If there’s one word I would use to describe the Oscars, which clocked in at three hours and 35 minutes, it would be “long.” Maybe “boring” would be the second word, but just overall the show drags and that’s how it is every year. I’ve said many times that they need to put the awards for things like cinematography, visual effects, sound editing, and makeup into that other non-broadcast ceremony for technical awards (where they also moved the honorary Oscar award after a 98 year-old dude gave a three and a half minute speech in 2008). They need to tighten it up, get a single theme and stick to it, and get people in and out of there in two hours or less. That’s not going to happen, and apart from 2009, when Hugh Jackman killed it as a host in a kind of “nightclub” theme, the Oscars haven’t been very entertaining.
So this year they hired Seth MacFarlane, known for “Family Guy” and Ted. Of course he made some off color jokes that were edgy and that some would consider offensive. (Which unfortunately didn’t do much to save that bloated mess of a show. What was the theme: musicals meet modern entertainment? It didn’t go together.) Now watchdog groups are commenting on his performance, and many are offended by his jokes about women, people of color, gay people and Jewish people.
Jewish, women’s and family organizations on Monday publicly flung knives at Seth MacFarlane’s off-color Oscar show. Hollywood for the most part stayed true to form and aimed its cutlery at his back.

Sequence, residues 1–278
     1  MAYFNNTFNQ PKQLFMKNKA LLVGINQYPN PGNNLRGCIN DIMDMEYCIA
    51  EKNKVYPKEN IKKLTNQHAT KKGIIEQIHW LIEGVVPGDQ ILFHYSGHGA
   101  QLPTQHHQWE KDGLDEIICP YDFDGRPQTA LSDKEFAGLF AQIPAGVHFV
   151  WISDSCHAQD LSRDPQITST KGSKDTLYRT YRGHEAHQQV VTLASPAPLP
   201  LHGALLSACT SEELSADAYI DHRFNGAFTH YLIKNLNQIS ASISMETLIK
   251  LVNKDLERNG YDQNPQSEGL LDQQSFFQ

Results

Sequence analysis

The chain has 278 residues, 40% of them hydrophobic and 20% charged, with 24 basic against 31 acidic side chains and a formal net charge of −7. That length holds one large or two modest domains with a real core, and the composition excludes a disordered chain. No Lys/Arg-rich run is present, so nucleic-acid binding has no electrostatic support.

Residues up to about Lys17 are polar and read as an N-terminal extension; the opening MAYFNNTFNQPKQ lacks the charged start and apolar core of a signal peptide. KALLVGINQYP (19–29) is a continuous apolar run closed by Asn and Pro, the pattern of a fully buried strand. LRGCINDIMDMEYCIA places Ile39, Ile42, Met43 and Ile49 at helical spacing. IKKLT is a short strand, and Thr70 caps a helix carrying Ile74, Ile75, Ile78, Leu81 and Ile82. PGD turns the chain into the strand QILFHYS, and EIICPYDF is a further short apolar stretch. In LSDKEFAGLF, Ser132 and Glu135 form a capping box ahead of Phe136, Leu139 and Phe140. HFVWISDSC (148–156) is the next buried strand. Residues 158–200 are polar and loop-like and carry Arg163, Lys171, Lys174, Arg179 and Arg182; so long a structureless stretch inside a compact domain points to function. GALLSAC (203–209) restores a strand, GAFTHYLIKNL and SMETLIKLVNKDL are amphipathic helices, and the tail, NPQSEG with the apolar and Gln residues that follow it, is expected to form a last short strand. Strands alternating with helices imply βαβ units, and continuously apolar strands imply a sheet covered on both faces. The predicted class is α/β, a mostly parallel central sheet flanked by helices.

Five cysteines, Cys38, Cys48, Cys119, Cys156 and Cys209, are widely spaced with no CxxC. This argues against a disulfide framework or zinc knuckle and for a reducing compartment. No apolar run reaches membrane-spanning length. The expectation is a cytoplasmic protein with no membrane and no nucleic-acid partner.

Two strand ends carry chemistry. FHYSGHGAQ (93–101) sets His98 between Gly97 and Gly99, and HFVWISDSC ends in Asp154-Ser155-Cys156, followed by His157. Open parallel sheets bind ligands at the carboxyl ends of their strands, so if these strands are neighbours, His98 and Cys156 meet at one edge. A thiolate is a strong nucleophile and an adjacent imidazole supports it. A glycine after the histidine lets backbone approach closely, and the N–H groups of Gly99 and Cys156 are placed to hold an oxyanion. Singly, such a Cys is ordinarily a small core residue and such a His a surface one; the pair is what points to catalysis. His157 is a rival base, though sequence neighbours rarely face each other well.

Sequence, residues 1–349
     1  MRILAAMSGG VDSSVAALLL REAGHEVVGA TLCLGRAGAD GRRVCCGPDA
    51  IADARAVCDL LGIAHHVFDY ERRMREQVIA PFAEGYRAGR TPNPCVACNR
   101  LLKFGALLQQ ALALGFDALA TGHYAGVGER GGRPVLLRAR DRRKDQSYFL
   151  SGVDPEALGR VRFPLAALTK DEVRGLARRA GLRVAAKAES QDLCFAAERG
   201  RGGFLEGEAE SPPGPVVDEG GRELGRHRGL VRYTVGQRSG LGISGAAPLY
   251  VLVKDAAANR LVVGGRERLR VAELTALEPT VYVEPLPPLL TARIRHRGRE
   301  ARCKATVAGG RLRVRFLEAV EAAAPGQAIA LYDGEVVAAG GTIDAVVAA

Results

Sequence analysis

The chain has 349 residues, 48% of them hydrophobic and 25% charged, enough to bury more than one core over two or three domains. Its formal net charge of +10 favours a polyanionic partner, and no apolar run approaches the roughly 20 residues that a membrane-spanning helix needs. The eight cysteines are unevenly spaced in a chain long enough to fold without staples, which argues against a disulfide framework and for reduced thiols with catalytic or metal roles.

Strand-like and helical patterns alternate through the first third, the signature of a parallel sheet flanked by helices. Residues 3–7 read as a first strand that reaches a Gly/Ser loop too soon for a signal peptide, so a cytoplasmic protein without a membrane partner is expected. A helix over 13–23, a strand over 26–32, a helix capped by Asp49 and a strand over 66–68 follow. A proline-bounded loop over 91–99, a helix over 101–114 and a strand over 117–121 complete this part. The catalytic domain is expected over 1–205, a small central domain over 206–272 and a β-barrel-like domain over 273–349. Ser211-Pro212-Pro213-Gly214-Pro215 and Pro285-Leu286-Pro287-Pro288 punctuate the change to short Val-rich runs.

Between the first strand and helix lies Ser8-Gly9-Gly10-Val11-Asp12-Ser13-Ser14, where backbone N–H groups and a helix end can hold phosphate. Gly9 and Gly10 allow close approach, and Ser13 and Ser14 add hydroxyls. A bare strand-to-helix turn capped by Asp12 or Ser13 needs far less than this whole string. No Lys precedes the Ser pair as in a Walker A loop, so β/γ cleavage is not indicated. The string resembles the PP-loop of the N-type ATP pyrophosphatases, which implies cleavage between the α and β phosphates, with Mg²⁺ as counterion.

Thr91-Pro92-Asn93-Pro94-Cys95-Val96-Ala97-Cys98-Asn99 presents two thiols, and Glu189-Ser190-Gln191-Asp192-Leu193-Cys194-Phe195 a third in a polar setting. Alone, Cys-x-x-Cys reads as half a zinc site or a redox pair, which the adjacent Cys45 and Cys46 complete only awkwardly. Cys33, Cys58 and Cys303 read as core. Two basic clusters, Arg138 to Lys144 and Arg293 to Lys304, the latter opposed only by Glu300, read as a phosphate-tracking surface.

Post-Oscar Monday found the movie capital coming to grips with a 3-hour-35- minute ceremony that climbed in the ratings but at its best seemed to hide a great year for film behind a flurry of musical numbers, TV memories and Michelle Obama. At its worst, members of the Academy of the Motion Picture Arts and Sciences said, the ceremony trafficked in offensive humor.
“I think I’m a very liberal guy, but I actually winced,” said Lawrence Turman, an Academy member who is chairman of the Peter Stark Producing Program at the University of Southern California’s School of Cinematic Arts.
He echoed criticism that a number of people in Hollywood voiced privately, speaking on condition of anonymity to avoid complicating relations with the Academy and the show’s producers.
Mr. Turman, who described the producers, Craig Zadan and Neil Meron, as longtime friends, referred specifically to a joke by Mr. MacFarlane about the assassination of Abraham Lincoln.
Cathy Schulman, a producer who won a best picture Oscar in the past for “Crash” and is the president of the industry group Women in Film, took aim at a song-and-dance routine about female nudity in film. “Among the women I’ve talked to today I would say I haven’t heard from any who thought it was in good taste,” said Ms. Schulman. She expressed particular chagrin that the dance number poked fun at nudity, which is generally a difficult issue for actresses, in connection with performances that were often “wrenching and moving in many ways…”
But the post-mortems here included unease over gay jokes that began with an appearance by the Gay Men’s Chorus of Los Angeles, and frank dismay at some of the riskier humor, particularly bits that turned on gags about women and Jews.
“It is offensive, even though comedians have great latitude,” said Rabbi Marvin Hier, speaking of a skit in which Mr. MacFarlane, in character as the trash-talking teddy bear from his movie “Ted,” counseled Mark Wahlberg that it’s best to become Jewish and donate to Israel if you want to work in Hollywood. Rabbi Hier, an Academy member and dean of the Simon Wiesenthal Center here, was seconding an opinion offered earlier in a statement by Abraham H. Foxman, the national director of the Anti-Defamation League. Speaking by telephone Mr. Foxman said he was particularly troubled by the “duration and intensity” of a skit that was likely, in his opinion, to be seen as reinforcing anti-Jewish stereotypes among Oscar viewers around the world.